How to Remodel Your Bathroom in Barely a Month

When you watch any of the some improvement shows on TV, it's easy to believe that a remodel takes 30 minutes or less, involves minimal hassle and everything always goes right, the first time. While the latter has been known to happen, it's nearly impossible to completely overhaul a bathroom in a few hours. It is possible, though, to do it in a few days or weeks.

The number one step to a fast remodel? Planning. The importance of determining exactly what needs to be done, developing a plan of attack and gathering all of the necessary supplies can't be overstated. Part of this planning process includes measuring – carefully – the entire space and getting exactly the right materials. Measure just an inch off and that gorgeous vanity won't fit, getting you off schedule and adding cost – and stress—to the project.

If you're just doing a cosmetic redo, though, it's possible to have a whole new room in just a couple of weekends.

Week One: Demolition

Once you know what you want in the new bathroom, the first task is to get the old stuff out of the way. Clear everything out of the bathroom, and start taking the room apart. That could mean ripping out the old Bath Vanity, taking out old flooring, light fixtures or old shower enclosures. Now, it's time to repair damaged walls, shore up wobbly floors and deal with any issues that have cropped up in the room, like water damage. Depending on the condition of your bathroom, this process can take up to four days.

Week Two: The Bones

Once the old stuff is out and basic repairs have been completed, you can devote the second week to plumbing and electrical issues. This is where you should get help when you need it. Unless you are a plumbing or electrical expert, some things are best left to the professionals. Redoing your own plumbing based on instructions from an online video might seem like a good way to save time and money; it's more likely to end in disaster, though. A professional plumber can usually complete the rough plumbing in a small bathroom in a day; if you want to move your toilet or sink, expect the work to take up to two days. Since electrical systems in bathrooms tend to be simple, that work shouldn't take more than a day either.

Even if you are planning to leave fixtures like lights and sinks in their original locations, it's a good idea to get a professional's help, just to make sure all of the new items are connected properly.

Week Three: Tile

Once the electrical and plumbing systems are taken care of, you can paint the walls. It's easier to paint before the new cabinetry and flooring is installed.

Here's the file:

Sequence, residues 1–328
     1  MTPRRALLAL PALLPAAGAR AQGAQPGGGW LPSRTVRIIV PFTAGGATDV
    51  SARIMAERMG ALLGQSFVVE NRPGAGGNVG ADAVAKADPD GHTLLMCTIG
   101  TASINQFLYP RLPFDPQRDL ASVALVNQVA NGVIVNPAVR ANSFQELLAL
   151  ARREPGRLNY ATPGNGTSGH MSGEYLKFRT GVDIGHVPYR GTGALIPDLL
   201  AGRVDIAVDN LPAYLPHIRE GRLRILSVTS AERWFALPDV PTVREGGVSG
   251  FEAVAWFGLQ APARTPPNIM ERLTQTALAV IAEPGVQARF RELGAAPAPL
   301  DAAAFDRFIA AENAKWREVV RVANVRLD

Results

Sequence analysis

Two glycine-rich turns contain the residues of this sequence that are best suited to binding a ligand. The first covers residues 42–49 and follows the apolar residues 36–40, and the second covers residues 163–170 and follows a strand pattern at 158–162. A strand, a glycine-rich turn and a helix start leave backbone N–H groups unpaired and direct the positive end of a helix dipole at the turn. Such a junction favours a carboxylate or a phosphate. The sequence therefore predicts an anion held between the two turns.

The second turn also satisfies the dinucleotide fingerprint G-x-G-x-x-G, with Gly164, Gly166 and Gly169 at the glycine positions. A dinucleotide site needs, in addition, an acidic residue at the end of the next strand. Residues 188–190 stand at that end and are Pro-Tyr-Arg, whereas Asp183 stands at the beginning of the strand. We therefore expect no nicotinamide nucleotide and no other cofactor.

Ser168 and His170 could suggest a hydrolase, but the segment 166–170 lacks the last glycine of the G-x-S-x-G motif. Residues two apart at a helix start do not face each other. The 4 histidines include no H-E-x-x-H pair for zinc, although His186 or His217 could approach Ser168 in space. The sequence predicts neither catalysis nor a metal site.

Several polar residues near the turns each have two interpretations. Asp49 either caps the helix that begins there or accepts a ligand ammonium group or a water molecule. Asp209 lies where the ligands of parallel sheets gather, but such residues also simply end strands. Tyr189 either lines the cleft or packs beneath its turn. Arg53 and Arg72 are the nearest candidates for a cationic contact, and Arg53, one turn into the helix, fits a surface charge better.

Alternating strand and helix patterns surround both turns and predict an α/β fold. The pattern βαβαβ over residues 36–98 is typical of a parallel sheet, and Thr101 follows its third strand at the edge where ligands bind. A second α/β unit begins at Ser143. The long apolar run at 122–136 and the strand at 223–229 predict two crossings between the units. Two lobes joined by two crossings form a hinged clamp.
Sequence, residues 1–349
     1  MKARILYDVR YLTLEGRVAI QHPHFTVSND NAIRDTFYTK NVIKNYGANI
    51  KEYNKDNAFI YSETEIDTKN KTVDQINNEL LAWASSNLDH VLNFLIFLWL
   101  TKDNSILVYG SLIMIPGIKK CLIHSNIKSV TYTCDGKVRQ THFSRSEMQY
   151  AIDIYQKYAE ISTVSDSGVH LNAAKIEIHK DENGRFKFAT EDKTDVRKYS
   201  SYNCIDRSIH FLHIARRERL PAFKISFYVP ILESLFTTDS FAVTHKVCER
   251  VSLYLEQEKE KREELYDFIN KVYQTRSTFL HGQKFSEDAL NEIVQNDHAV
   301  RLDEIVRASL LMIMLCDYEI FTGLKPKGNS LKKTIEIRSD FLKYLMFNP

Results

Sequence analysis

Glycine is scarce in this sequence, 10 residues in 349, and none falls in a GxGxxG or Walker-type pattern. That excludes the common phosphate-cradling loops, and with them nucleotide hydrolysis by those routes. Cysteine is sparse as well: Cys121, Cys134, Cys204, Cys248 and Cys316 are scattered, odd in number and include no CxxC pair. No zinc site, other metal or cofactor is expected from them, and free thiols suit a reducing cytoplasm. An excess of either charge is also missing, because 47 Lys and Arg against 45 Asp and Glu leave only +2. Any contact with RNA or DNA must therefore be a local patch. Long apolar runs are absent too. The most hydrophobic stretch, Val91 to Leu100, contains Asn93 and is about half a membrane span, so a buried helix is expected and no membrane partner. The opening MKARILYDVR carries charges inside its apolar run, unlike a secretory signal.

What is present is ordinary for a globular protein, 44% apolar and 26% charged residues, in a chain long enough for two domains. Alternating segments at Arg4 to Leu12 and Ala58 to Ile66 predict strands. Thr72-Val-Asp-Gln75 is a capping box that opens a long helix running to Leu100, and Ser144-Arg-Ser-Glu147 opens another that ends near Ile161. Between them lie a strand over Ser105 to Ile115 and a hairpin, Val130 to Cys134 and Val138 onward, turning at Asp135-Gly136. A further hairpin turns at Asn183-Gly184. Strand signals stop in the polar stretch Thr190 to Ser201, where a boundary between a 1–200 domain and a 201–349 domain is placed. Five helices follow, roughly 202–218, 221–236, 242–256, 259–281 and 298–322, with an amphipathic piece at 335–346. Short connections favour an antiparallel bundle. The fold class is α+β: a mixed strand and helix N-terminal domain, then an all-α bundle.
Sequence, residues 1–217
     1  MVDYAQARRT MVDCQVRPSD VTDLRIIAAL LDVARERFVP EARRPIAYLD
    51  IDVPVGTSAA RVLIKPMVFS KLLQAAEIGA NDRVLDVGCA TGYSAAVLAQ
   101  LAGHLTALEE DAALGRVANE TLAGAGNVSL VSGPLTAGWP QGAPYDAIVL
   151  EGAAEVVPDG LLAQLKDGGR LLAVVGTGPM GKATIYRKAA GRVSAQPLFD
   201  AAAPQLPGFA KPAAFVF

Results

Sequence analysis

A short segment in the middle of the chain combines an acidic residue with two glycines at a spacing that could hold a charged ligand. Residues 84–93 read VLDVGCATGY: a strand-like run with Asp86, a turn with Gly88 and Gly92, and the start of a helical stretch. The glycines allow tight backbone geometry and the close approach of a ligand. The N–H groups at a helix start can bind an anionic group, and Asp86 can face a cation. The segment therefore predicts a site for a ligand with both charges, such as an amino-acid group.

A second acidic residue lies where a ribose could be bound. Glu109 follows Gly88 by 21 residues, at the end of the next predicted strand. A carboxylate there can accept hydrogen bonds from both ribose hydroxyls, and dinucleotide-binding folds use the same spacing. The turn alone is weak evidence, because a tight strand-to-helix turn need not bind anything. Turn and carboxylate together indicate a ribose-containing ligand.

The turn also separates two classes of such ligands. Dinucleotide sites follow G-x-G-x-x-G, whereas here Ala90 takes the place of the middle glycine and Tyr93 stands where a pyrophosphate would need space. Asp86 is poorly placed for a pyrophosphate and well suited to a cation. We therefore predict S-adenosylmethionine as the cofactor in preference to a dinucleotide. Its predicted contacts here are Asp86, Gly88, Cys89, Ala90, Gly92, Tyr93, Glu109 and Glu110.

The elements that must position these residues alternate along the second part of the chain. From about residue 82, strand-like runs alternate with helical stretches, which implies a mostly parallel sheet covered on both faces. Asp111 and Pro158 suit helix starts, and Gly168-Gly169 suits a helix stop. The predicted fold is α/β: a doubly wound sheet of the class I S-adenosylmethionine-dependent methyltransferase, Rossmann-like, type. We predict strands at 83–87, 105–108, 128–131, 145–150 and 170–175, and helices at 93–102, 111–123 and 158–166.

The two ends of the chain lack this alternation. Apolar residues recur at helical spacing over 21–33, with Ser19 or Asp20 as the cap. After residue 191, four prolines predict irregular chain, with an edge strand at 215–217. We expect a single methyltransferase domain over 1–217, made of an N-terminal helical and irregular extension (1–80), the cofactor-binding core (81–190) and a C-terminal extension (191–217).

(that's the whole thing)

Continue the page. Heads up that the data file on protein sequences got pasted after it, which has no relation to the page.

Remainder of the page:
When the paint is dry, which should take 24 hours, start working on the floors and tile. Installing tile, whether porcelain, ceramic, stone or glass, takes time. Since cutting tile requires the use of a wet saw, and very precise measurements, unless you're confident in your abilities, it may be best to hire a professional to install tile. It can take up to three days for the adhesives and grout to dry, meaning by the time you're ready to finish the project, it will be ready to go. If you're installing vinyl flooring, either tiles or sheet vinyl, the process is much faster and can be completed in half a day or less.

Week Four: Cabinetry and Details

The last week of the bathroom remodel is for installing the final pieces. Fixtures like toilets and sinks, vanity cabinets, and new tubs go in last, once everything else in place. This usually takes a day or two, depending on how many items you're replacing.

Once all of the fixtures are in, clean up the construction dust, add your accessories and enjoy your new bathroom to its fullest.

This plan assumes that you will be working on the bathroom remodel on weekends only; if you want to complete the entire room at once, it's not unreasonable to expect the project to be complete in two weeks or less. Even so, remodeling any room can be stressful, especially if it's a room that you use every day, like a bathroom. If you need to use the bathroom while it's being remodeled, you can work around it, but it's much easier if you have another room to use while it's under construction. The hassle will be worth it when you're enjoying your brand new, stylish bath.

This article was written by Ryan Tupper, A plumber and contractor with over 10 years of experience in bathroom remodeling. Ryan writes for